The White House has finally rolled out its budget proposal for the upcoming fiscal year. While there has been a lot about the proposed cuts to entitlement programs, President Obama’s budget unsurprisingly pushes tax hikes, including proposed changes to retirement accounts, as Politico noted last week:
The budget will also show how we can provide targeted tax relief to strengthen the economy, help middle class families and small businesses and pay for it by eliminating tax loopholes and make the tax system more fair. The budget will include a new proposal that prohibits individuals from accumulating over $3 million in IRAs and other tax-preferred retirement accounts. Under current rules, some wealthy individuals are able to accumulate many millions of dollars in these accounts, substantially more than is needed to fund reasonable levels of retirement saving. The budget would limit an individual’s total balance across tax-preferred accounts to an amount sufficient to finance an annuity of not more than $205,000 per year in retirement, or about $3 million in 2013. This proposal would raise $9 billion over 10 years.
With Social Security anything but guaranteed given its unfunded liabilities, many Americans are relying on their private retirement accounts to help get them through their golden years. This is, after all, part of the American Dream. But it apparently doesn’t fit the America that President Obama has been trying so hard to re-create since taking office in 2009.
While they face tough odds to take control of the Senate next year, Republicans will no doubt set their sights on Sen. Mary Landrieu (D-LA) and she’s giving them plenty of ammunition to use in what could be an expensive, heated campaign.
In an interview with Politico, Landrieu stood behind her record and even suggested that she could support President Barack Obama’s gun control proposals, which will come before the Senate next month:
The Louisianian confidently voted last week for the Democratic budget with its $1 trillion in tax hikes. She was one of only 20 Democrats who favored keeping the medical device tax, an element of Obamacare that some Democrats have worked to abolish. Along with other Democrats, she backed a handful of amendments opposed by senators from conservative states restricting health care for immigrants and politically charged language to curb a cellphone assistance program.
“I do not scare easily,” Landrieu told POLITICO. “I think it’s in my DNA. I come from a family that feels very passionately and very strongly about public service and about trying to always find a balance and keep our eyes focused on representing the people and not getting too caught up in the politics of the day.”
House Republicans are claiming a victory on spending over President Barack Obama. According to a memo sent to his caucus, Speaker John Boehner said that their “new tactical plan” was a success:
Speaker John Boehner (R-Ohio) hailed his conference’s success against President Obama in a memo issued to Republicans on Thursday.
Boehner said the House GOP’s “new tactical plan” to fight Obama and Democrats on spending had largely succeeded, and sought input from his rank-and-file on where to go from here.
“Republicans may be the minority party in Washington — but because we forged a plan together and have stuck to it, our actions as a team over the past couple of months have made a difference for all Americans,” Boehner wrote.
The Speaker highlighted as a success legislation that would have withheld pay from the House and Senate if either chamber did not produce a budget. He also complimented House Majority Leader Eric Cantor’s (R-Va.) “make life work” initiative, which is meant to showcase GOP ideas that will help working families.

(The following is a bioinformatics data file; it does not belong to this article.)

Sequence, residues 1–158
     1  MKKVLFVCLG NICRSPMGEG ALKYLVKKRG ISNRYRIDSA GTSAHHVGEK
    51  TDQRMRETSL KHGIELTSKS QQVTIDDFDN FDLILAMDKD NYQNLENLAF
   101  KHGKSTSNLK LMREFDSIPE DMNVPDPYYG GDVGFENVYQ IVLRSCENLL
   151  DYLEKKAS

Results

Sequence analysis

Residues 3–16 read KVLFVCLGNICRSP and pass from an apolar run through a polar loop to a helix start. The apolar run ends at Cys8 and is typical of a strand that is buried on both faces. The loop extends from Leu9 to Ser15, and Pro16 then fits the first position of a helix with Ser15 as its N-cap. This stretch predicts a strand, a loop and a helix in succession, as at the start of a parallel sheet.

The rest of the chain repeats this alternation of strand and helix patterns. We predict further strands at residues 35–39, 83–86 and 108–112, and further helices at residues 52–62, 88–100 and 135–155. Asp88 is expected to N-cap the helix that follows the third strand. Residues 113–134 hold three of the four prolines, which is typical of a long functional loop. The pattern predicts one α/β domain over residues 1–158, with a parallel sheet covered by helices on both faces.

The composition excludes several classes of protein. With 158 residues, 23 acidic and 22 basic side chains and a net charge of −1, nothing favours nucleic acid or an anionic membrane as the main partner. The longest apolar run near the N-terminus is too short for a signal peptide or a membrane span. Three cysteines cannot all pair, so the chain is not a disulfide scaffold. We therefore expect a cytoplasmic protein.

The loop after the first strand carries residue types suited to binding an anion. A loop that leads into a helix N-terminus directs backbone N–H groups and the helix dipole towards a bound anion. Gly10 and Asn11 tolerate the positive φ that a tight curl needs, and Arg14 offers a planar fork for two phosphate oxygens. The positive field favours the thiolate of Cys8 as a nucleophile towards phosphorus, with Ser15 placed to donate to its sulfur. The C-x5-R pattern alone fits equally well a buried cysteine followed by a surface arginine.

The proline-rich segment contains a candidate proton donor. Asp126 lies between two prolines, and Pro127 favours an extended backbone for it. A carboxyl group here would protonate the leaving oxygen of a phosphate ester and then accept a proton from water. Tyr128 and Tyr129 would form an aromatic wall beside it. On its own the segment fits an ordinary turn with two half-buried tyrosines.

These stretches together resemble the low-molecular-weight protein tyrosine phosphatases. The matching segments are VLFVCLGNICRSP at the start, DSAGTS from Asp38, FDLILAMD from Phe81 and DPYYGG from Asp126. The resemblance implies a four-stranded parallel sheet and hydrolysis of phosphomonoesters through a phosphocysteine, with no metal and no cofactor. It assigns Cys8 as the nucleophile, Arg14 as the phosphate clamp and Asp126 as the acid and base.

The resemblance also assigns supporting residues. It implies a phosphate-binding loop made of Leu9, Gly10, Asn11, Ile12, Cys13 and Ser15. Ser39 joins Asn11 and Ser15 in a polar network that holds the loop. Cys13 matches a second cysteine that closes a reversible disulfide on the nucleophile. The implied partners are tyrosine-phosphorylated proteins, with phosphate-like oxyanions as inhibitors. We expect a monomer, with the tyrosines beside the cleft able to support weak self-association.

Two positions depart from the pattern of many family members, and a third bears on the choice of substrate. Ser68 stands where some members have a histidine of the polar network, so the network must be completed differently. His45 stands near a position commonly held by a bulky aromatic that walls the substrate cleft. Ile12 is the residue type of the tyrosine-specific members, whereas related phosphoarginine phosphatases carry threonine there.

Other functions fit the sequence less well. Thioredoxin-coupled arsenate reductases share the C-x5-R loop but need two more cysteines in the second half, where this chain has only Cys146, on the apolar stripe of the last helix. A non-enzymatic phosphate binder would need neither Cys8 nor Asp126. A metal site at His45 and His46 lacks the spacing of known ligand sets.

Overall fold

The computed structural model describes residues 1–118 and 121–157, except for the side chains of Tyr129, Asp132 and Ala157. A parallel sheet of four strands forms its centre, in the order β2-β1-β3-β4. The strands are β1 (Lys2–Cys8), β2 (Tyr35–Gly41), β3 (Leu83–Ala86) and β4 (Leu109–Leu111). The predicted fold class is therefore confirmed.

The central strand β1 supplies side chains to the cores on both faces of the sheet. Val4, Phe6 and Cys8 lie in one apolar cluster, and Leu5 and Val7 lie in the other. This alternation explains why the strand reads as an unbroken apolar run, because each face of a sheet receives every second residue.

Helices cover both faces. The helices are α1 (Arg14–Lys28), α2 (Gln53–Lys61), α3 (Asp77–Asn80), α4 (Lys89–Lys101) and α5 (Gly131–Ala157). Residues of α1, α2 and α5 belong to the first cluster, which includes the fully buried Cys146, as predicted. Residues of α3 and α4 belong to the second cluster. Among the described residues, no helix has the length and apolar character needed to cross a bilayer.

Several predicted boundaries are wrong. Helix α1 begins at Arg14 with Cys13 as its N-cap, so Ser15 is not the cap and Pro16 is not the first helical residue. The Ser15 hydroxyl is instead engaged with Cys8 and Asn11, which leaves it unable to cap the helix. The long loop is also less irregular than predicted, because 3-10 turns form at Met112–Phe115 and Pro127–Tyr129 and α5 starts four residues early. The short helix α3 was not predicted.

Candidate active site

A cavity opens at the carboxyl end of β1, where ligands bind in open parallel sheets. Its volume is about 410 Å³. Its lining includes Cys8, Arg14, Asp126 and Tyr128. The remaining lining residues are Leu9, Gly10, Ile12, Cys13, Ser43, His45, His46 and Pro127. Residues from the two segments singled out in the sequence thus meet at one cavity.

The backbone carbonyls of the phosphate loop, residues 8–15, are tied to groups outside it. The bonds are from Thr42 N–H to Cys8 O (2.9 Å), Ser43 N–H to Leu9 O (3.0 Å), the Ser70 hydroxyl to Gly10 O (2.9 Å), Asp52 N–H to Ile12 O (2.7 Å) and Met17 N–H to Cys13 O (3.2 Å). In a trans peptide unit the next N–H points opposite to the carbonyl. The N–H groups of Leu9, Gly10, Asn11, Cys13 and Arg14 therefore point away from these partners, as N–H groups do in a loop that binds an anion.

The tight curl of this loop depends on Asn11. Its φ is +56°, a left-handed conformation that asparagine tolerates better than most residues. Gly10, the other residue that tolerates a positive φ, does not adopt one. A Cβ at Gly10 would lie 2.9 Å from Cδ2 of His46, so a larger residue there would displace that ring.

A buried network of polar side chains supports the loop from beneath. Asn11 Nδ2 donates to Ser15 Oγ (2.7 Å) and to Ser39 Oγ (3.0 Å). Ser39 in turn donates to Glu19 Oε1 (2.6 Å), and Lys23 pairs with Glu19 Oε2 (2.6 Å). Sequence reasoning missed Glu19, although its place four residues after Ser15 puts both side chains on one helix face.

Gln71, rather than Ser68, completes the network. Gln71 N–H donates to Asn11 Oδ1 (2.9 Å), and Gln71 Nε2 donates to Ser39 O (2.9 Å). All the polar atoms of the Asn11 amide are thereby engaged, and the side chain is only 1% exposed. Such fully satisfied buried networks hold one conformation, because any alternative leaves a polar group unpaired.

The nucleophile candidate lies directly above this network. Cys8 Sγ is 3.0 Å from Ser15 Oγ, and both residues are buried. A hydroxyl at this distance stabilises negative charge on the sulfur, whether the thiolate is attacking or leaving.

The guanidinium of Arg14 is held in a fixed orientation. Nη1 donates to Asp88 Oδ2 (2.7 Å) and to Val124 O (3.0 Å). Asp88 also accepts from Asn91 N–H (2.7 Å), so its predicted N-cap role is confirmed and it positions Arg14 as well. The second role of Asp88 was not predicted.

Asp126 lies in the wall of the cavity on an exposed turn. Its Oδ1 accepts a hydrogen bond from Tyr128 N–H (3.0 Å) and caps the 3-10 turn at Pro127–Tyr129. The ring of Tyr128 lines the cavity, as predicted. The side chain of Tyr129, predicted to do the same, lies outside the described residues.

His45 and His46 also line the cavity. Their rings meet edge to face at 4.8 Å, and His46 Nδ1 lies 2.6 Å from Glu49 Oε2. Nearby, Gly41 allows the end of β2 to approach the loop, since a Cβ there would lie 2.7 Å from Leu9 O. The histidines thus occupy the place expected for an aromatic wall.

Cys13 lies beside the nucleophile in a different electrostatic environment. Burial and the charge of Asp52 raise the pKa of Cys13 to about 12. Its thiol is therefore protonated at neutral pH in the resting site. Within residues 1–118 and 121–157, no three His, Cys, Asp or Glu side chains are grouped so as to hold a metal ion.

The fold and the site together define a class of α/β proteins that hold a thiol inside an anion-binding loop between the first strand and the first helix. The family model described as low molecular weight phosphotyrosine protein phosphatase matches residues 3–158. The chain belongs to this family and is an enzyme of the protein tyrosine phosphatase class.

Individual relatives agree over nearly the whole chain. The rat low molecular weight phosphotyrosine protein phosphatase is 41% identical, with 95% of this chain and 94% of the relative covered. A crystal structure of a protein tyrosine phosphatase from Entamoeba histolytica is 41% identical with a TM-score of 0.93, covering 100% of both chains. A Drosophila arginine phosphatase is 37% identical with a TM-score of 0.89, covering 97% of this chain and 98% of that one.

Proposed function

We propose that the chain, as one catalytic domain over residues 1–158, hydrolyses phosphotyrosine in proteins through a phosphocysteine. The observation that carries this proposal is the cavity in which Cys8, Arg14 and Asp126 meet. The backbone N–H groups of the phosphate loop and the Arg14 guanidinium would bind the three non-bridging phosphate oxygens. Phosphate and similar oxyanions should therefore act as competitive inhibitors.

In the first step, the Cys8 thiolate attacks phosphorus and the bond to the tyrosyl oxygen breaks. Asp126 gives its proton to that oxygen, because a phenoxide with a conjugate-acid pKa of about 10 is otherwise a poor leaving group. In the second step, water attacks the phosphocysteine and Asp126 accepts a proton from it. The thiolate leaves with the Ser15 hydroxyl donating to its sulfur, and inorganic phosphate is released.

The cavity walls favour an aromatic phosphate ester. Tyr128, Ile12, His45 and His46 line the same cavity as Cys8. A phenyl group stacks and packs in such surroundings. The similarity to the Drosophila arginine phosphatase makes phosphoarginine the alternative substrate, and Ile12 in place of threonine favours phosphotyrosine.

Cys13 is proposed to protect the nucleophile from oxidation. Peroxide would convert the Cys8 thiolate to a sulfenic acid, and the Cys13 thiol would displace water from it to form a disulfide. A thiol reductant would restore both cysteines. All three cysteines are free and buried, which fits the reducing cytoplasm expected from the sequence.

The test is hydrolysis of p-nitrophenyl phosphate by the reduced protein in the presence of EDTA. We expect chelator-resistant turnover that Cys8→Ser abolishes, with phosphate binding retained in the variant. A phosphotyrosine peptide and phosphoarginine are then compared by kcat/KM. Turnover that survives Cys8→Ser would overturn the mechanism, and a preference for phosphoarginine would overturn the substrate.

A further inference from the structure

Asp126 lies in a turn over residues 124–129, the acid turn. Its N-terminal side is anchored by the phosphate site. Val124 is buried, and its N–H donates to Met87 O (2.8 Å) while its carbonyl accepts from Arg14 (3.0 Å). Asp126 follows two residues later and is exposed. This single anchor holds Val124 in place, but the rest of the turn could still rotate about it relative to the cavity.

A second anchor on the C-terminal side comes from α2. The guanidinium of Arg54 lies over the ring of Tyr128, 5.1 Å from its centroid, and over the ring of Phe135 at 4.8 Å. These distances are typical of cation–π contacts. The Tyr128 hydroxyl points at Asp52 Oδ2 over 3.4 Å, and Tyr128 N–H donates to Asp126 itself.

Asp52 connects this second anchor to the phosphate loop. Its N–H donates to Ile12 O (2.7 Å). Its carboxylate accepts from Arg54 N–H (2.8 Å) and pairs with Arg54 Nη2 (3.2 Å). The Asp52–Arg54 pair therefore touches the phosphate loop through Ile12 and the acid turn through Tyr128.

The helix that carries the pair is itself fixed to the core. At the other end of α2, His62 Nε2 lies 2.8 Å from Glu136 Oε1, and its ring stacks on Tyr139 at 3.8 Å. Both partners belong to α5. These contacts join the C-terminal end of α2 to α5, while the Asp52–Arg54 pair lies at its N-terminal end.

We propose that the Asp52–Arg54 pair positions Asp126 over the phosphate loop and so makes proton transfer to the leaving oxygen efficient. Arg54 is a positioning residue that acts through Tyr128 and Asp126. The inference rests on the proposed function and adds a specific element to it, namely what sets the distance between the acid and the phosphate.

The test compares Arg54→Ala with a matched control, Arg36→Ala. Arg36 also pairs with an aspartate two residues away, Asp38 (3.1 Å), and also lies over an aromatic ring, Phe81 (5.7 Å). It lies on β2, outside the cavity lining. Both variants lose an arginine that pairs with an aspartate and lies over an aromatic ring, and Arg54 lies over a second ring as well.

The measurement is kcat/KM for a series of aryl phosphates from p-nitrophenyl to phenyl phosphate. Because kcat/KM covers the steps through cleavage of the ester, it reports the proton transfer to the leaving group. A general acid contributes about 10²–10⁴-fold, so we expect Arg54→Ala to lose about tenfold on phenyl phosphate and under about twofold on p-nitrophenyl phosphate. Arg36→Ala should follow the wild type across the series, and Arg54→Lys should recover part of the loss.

“From #NoBudgetNoPay to Leader Cantor’s #MakingLifeWork initiative to last week’s passage of our Path to Prosperity budget, we’ve used our limited power in Washington to maximum effect, and shown the Democratic majority what leadership looks like,” Boehner wrote.
No matter who the Republican nominee is in South Carolina’s First Congressional District, they will have a tough match-up when they face Elizabeth Colbert Busch, who won the Democratic primary last week.
According to a new survey released yesterday by Public Policy Polling, both Mark Sanford and Curtis Bostic, both of whom are vying for the GOP nomination, are in a virtual tie with Busch, the sister of comedian Stephen Colbert.
As far as the Republican runoff goes, Sanford looks to have it in the bag, though he can’t take anything for granted. Public Policy Polling notes that Sanford leads Bostic by a 13-point margin, 53/40. That’s a tough hurdle to overcome with just six days to go. However, neither Republican candidate is overwhelming Busch.
Elizabeth Colbert Busch v. Mark Sanford
- Busch (D): 47%
- Sanford (R): 45%
- Undecided: 8%
Elizabeth Colbert Busch v. Curtis Bostic
- Busch (D): 43%
- Bostic (R): 43%
- Undecided: 14%
Neither Republican candidate is viewed favorably by voters in the district. Bostic is at 30/42, though 28% have no opinion of him. Sanford’s underwater favorability — 34/58 — is really dragging him down.
Republicans had their sights set on the Senate seat in South Dakota in 2014, but they may have been handed some help. Sen. Tim Johnson (D-SD), who has served in the chamber since 1997, has announced his retirement:
Sen. Tim Johnson (D-S.D.) will not seek reelection in 2014, The Hill has confirmed, putting another red-state seat up for grabs in the battle for control of the Senate.
Johnson, who is serving his third term, will announce the news on Tuesday at the University of South Dakota, his former school. Johnson will be the fifth Senate Democrat to retire this election cycle.
The decision gives Republicans another prime pickup opportunity as they work to win back control of the Senate.
Republicans need to gain six seats to flip control of the upper chamber in 2014. Mitt Romney carried South Dakota with 57 percent of the vote in the 2012 presidential election.
Written by Michael F. Cannon, Director of Health Policy Studies at the Cato Institute. Posted with permission from Cato @ Liberty.
Ezra Klein has a post arguing that ObamaCare is unpopular because the public doesn’t understand it. It would be more accurate to say that ObamaCare is popular with people like Klein because they don’t understand it.